Deephaven as a Tool for Real-Time analytics: The Basics

Blog Data Analytics & Engineering 31 Oct 2023

Data Intellect

What is it?

Deephaven is an open-core framework, query engine, and versatile UI/UX framework designed for real-time analytics and live apps, combining dynamic data, such as streaming tables, with static data to allow a unified approach to cleanse, process, and share data at scale. At heart, Deephaven allows the handling of relational data, streams, and time series with the simplicity and flexibility of Pandas at a much greater scale and with an eye on performance. As we'll see below, under the hood columnar chunks of data are addressed by an incremental update model, offering big efficiencies by working on table-changes rather than using a traditional microbatch approach. The update model combined with a slick wire protocol (an Apache Arrow Flight extension!) allows efficient consumption, collaborative, multi-node graphs, table operations and user defined functions, all in real time.

How to treat real-time data use cases in a general purpose table-oriented data system

Plus accordion

How to provide real-time tables between multiple nodes of a system

Plus accordion
And to do it efficiently, without the cost penalties associated with serialization.

Real-time Tables

In general, real-time (or even frequently updated) systems need to overcome a significant obstacle: combining streams and tables. Unification isn’t so straightforward; both types of data come with distinct advantages and trade-offs. For example, streaming data is typically quite small as it only considers the new data, keeping the problem space and required resources constrained. Data-driven applications often require many steps and logic chains to natively handle streaming data in a traditional static relational setting.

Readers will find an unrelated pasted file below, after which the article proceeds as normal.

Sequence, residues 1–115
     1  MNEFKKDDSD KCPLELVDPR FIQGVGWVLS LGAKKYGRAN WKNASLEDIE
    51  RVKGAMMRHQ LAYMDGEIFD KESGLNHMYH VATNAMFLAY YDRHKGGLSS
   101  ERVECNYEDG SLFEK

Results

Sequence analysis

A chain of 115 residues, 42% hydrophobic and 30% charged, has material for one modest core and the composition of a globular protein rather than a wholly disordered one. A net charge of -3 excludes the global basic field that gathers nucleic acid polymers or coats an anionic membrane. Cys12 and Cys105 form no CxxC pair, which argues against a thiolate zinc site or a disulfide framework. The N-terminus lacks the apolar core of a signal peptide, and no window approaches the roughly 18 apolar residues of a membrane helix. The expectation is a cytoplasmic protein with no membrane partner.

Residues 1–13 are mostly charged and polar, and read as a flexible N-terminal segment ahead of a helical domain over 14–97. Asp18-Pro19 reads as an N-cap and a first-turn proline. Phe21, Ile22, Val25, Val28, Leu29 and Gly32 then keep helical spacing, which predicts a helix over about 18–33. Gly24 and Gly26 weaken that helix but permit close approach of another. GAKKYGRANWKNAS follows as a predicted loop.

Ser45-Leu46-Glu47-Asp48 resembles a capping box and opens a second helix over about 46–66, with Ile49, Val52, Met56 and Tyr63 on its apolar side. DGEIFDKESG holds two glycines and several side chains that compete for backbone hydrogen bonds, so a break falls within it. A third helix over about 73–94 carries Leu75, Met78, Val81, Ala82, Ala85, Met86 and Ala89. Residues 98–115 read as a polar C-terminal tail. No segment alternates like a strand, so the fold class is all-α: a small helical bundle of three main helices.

On the other hand, these traditional relational data sources are the opposite – while typically good at dealing with large tabular data, adding new data often requires re-evaluation of the entire dataset, resulting in a negative impact on a variety of fronts such as time to market, performance and cost of computation.

Deephaven solves this neatly by employing a DAG (Directed Acyclic Graph) approach, which models the relationships between tables and their dependents to unify the data methodologies of streaming data and table structures. In simple terms, each table or mapping between tables is a “node”, and these nodes are interconnected by listeners which communicate and apply updates between parent and child tables. These listeners can also connect outside the Deephaven ecosystem and connect to external sources such as SQL databases or financial data vendors. Changes flow through the DAG via these listeners each cycle to efficiently micro-batch updates in a highly scalable fashion.

Deephaven tables are treated as ordered streams called Row Sets. These are ordered sets of rows mapped against a column source. To reduce redundant data, tables can share Row Sets and column sources. For example, child tables form enclosed Row Sets that use their parent.